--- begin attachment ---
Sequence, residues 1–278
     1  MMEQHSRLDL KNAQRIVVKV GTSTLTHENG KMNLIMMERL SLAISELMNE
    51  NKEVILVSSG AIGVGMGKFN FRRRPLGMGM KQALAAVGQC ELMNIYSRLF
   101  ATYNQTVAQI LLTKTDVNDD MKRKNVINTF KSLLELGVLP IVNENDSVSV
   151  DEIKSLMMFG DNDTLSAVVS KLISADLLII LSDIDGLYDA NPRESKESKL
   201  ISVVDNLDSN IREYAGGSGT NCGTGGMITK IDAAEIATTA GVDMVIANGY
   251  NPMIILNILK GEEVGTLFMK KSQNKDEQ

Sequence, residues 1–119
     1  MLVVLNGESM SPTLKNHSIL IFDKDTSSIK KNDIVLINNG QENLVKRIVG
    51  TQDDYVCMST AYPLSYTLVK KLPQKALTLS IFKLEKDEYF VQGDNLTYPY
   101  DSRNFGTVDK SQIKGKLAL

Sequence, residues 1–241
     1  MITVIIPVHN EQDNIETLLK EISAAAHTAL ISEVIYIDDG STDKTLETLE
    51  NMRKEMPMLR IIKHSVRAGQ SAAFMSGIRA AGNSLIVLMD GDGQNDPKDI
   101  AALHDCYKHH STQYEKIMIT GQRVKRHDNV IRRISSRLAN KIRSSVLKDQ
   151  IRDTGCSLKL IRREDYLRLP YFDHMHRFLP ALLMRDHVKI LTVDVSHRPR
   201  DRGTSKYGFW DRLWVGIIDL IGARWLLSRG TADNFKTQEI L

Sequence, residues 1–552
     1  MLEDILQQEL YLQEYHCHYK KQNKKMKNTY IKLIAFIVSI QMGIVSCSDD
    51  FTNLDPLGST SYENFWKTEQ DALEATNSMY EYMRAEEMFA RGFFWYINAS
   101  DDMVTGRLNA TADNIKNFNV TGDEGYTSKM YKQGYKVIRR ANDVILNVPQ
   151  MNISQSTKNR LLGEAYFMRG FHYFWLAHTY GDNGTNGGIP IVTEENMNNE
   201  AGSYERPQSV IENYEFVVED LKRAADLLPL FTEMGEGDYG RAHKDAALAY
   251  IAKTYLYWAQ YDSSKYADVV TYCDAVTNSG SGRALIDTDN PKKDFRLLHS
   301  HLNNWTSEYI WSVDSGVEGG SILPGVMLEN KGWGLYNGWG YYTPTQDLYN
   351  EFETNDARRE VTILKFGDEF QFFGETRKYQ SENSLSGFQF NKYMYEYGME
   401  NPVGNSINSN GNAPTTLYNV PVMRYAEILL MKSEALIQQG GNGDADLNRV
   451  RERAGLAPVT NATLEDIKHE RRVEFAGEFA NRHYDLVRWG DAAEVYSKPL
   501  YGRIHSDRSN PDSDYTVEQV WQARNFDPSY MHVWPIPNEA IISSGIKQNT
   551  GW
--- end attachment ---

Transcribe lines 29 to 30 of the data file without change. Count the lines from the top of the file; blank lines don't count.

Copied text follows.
   501  YGRIHSDRSN PDSDYTVEQV WQARNFDPSY MHVWPIPNEA IISSGIKQNT
   551  GW